|By VICKI JOHNSON
LIMA, Ohio — The construction of ethanol plants in Ohio and the governor’s recent announcement that Ohio will be increasing its use of ethanol and biodiesel fuels make the future of ethanol – and corn growers – increasingly bright.
In late February, Gov. Bob Taft announced Ohio will increase its use of fuel made from renewable sources.
He made the announcement while visiting the Greater Ohio Ethanol LLC plant site near Lima. The new ethanol plant is under construction and is expecting to begin production before the end of the year.
The plant will be the first to produce ethanol in Ohio, except for a small plant near Medina, but Mike Newland, business development manager for Greater Ohio Ethanol, said he expects to see a growing network of plants producing fuel in Ohio.
His company is expecting make an announcement on the location of its next plant within two months.
Newland said Ohioans used 300 million gallons of ethanol in 2005 and use will be increasing as plants are built and public awareness increases.
Taft’s plans include doubling the use of E85 – a blend of 85 percent ethanol and 15 percent gasoline – in the state vehicle fleet from 30,000 gallons to 60,000 gallons per year by Jan. 1, 2007.
After 2007, he said Ohio plans to increase E85 usage to 5,000 gallons each year.
At the same time, he hopes to triple the number of E85 pumps available to Ohio consumers by the end of 2006.
Taft also said the state will increase biodiesel use by 100,000 gallons annually, starting in 2007.
The state is currently committed to using 1 million gallons by next year.
In addition, Ohio will purchase only flex-fuel vehicles that can run on both regular gasoline and E85 as state vehicles are replaced. Ohio already has 1,710 flex-fuel vehicles.
But Ohio’s ethanol future doesn’t count solely on Ohio consumption.
As the closest Corn Belt state to the large markets on the nation’s East Coast, Newland said the market is wide open.
“I think we’ve got a huge advantage for building plants in Ohio,” he said. In addition to corn’s availability, he said, Ohio has strong trucking and railroad systems available for transporting fuel.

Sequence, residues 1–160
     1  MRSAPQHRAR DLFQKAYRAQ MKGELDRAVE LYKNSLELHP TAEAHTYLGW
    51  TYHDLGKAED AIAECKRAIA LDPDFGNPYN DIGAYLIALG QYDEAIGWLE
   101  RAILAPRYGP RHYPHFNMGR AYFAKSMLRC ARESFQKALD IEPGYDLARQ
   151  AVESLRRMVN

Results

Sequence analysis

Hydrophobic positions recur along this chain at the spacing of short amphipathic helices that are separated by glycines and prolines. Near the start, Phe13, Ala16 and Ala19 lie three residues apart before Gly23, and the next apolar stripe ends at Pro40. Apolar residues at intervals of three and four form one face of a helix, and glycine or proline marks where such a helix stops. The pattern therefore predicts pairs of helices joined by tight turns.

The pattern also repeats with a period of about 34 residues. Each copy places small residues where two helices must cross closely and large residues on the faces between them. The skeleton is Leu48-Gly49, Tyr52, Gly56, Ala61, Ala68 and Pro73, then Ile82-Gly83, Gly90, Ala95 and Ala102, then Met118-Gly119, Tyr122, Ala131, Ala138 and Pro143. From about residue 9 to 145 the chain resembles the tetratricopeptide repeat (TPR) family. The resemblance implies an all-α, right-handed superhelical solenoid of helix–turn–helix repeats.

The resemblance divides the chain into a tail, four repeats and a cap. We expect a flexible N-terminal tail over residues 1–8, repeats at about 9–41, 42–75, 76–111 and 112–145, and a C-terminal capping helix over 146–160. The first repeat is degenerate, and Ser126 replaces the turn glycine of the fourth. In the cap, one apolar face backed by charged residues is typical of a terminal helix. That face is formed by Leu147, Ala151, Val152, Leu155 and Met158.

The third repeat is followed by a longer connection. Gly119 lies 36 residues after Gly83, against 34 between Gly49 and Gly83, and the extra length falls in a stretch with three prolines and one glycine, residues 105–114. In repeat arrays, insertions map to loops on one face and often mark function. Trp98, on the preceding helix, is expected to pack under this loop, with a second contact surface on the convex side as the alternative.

“It’s a great way to keep the Ohio economy growing and keep some of that money in-house.”
Newland estimated it would take 11 ethanol plants in Ohio to keep up with the demand for ethanol.
So far, he said the Ohio Environmental Protection Agency has issued air permits for two plants in addition to the Lima facility. They are scheduled to be built in Coshocton and Harrison counties.
There are also several other plants in various stages of planning, including a Cargill plant in Bloomingburg, Ohio, a Broin plant in Crawford County and the next Greater Ohio Ethanol plant.
During his visit to the Lima construction site, Taft presented Greater Ohio Ethanol President Greg Kruger and Lima Mayor David Berger with a $5.9 million check for state incentives, including low-cost financing, a Job Creation Tax Credit, Ohio Investment in Training Program funds and infrastructure assistance. The $80 million investment is expected to create 35 new jobs, and at full capacity, the plant will annually convert 20 million bushels of corn into more than 56 million gallons of ethanol a year.
“Ohio family budgets and businesses have been hit hard by high energy costs,” Taft said. “As a leading manufacturing state, Ohio is deeply dependent on ample, reliable sources of energy. Our goal is to move Ohio and the nation away from our dependence on foreign oil and take advantage of our homegrown resources such as coal, natural gas, wind, corn and soybeans.”
This farm news was published in the March 15, 2006 issue of Farm World.